Effect of Various Exchangeable Cation Ratios on Kinds of Fungi Developing during Decomposition of Organic Residues in Soil1
- J. P. Martin and
- D. G. Aldrich2
Soils varying widely in exchangeable Ca, Mg, K, Na and H ratios were prepared from Yolo loam and Hanford sandy loam soils. The effect of these ratios on the kinds of soil fungi developing during the decomposition of organic residues in the soil was followed at various intervals over a 200-day incubation period.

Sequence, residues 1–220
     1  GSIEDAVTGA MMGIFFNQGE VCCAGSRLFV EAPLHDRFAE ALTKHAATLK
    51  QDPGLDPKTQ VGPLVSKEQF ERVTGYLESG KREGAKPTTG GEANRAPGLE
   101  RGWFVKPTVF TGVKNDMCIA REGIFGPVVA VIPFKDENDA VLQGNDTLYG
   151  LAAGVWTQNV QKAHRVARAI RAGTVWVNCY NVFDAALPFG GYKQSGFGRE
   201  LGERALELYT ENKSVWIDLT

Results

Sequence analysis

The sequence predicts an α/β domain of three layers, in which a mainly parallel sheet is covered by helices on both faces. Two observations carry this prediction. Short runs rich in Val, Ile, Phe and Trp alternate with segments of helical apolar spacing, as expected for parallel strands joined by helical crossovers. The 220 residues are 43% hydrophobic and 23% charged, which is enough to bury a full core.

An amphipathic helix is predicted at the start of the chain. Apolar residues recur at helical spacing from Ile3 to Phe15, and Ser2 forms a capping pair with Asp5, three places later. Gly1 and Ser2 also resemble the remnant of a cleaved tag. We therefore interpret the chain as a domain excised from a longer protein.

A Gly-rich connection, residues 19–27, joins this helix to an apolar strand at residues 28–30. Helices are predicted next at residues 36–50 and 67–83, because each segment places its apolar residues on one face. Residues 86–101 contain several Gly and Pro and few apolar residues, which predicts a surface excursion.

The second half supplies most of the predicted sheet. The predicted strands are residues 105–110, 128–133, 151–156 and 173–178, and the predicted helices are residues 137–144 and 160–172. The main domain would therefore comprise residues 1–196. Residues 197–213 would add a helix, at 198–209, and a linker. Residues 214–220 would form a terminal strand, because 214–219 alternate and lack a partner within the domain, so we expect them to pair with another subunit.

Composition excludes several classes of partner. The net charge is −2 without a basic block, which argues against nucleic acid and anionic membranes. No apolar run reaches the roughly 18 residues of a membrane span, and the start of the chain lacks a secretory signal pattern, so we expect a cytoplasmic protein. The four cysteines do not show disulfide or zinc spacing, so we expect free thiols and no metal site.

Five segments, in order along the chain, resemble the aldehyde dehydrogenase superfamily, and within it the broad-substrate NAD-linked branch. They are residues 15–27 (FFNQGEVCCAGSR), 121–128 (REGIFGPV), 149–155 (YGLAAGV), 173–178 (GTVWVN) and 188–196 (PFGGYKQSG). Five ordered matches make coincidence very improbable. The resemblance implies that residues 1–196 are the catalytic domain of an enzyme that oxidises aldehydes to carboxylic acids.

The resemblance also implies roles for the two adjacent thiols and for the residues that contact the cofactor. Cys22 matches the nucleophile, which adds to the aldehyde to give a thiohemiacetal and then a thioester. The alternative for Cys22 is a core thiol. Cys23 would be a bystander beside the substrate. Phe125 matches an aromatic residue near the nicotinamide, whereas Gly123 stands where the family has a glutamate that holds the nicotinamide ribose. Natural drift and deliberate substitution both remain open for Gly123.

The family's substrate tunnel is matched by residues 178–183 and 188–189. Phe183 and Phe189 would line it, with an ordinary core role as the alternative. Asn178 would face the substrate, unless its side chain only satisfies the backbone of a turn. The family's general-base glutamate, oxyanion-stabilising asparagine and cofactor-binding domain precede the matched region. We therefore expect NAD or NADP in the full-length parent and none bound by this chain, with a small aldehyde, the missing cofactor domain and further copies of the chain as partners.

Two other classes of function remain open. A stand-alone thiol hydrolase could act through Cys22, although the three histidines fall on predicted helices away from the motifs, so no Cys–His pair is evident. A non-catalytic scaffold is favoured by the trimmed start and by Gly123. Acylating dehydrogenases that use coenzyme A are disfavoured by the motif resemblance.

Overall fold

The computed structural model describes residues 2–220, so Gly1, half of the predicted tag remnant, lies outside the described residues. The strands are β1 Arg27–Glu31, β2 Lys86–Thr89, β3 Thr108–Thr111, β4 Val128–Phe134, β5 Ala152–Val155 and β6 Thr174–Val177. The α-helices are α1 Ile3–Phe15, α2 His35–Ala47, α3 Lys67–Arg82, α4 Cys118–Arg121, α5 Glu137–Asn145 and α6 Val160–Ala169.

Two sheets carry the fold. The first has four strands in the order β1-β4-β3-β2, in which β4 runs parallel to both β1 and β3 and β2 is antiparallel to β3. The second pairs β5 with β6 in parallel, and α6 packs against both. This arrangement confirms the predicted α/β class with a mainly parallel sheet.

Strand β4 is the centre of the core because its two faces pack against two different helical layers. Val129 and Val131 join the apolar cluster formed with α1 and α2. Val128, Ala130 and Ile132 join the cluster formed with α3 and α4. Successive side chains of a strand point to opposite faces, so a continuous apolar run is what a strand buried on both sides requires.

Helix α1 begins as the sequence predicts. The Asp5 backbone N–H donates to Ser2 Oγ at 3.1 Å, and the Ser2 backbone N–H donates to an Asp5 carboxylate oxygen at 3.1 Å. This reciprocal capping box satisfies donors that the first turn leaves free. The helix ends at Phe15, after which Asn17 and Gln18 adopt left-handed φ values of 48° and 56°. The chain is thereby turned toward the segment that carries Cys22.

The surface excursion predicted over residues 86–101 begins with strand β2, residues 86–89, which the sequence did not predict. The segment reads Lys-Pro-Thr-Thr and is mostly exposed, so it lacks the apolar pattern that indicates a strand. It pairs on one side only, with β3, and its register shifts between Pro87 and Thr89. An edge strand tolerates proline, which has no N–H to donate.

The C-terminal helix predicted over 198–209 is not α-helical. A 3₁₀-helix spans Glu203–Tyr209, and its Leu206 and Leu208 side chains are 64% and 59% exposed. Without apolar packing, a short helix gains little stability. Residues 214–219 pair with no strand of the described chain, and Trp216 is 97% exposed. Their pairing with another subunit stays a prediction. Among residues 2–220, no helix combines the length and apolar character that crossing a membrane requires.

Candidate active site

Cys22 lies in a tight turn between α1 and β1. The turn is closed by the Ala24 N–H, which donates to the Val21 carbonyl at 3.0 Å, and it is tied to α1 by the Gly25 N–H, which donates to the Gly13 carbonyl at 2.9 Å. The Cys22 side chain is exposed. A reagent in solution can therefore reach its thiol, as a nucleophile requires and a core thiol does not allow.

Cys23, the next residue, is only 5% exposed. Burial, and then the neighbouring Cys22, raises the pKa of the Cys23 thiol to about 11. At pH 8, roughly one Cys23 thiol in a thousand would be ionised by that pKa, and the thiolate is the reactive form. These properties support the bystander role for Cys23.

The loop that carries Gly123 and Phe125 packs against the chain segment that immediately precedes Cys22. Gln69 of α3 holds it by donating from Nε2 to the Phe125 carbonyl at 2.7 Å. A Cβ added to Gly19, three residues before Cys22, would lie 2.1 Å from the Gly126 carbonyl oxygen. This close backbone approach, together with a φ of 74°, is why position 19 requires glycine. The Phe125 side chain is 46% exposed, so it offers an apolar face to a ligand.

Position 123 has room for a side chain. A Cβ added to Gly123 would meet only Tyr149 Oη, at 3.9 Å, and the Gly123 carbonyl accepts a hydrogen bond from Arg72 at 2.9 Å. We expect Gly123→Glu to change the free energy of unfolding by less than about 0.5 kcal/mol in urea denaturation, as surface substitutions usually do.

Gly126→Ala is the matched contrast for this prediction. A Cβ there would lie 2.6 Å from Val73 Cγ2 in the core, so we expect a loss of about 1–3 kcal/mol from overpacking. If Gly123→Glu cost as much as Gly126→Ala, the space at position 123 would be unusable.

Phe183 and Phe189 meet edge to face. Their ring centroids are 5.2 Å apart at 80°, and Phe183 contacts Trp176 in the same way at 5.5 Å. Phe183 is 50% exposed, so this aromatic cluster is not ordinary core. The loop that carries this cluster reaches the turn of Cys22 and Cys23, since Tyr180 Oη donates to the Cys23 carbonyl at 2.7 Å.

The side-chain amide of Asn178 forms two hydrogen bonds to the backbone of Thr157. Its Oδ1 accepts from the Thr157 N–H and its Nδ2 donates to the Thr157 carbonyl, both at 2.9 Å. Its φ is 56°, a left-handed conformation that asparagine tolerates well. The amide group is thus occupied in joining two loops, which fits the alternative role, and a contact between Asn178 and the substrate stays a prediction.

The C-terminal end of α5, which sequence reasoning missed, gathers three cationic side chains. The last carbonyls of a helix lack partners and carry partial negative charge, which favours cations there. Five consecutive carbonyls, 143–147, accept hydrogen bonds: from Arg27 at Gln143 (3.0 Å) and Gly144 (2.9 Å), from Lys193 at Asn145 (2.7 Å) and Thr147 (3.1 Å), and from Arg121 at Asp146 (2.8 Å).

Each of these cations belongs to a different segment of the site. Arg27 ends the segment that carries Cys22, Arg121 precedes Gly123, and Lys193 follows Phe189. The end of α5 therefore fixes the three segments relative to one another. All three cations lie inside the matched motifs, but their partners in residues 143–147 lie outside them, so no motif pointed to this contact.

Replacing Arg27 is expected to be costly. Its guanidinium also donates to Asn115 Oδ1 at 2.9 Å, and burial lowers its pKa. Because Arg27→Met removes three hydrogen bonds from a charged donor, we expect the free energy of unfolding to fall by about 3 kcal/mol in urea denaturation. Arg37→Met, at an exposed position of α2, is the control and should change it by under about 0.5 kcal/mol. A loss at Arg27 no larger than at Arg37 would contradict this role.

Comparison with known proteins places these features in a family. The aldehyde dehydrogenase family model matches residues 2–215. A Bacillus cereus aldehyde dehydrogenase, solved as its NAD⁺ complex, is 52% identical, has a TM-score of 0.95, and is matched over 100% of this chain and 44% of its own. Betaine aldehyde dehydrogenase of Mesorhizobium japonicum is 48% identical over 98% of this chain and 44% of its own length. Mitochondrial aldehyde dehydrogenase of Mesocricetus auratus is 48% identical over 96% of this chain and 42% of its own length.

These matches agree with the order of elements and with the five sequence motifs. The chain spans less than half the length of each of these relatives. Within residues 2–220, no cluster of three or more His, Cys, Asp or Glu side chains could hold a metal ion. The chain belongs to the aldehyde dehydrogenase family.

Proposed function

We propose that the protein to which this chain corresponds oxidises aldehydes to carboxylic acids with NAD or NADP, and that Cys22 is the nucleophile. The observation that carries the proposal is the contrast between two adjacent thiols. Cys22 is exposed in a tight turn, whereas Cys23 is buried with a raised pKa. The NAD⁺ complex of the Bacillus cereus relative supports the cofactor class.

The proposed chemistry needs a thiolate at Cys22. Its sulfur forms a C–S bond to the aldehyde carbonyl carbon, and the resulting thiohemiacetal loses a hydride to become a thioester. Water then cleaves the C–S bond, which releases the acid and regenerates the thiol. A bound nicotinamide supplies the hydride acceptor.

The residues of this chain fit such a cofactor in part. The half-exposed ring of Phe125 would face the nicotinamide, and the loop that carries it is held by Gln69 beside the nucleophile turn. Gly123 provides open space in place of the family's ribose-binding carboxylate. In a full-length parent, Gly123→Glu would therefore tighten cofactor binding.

In general, the nature of the organic material added to the soils exerted a greater effect on the kinds of fungi developing than did the exchangeable cation ratios. In the absence of organic residues, the fungus population remained essentially the same in all soils over the entire incubation period. Upon the addition of organic residues, Penicillium nigricans, which was present in high concentrations in the check series (no organic residues), became increasingly dominant in the most-acid soils. With few exceptions, other species became dominant in all other soils. The kinds of fungi becoming dominant depended on the nature of the organic residue added. The dominant species included Chaetomium sp., Cunninghamella bertholletiae, Fusarium spp., Monotospora brevis, Mucor spp., Sepedonium chrysospermum, Sporotrichum sp., Stachybotrys atra, and Stysanus stemonites. Some species developed quickly in large numbers and remained dominant for the remainder of the incubation period. Others developed in high concentration, then rapidly diminished in numbers or disappeared.Please view the pdf by using the Full Text (PDF) link under 'View' to the left.
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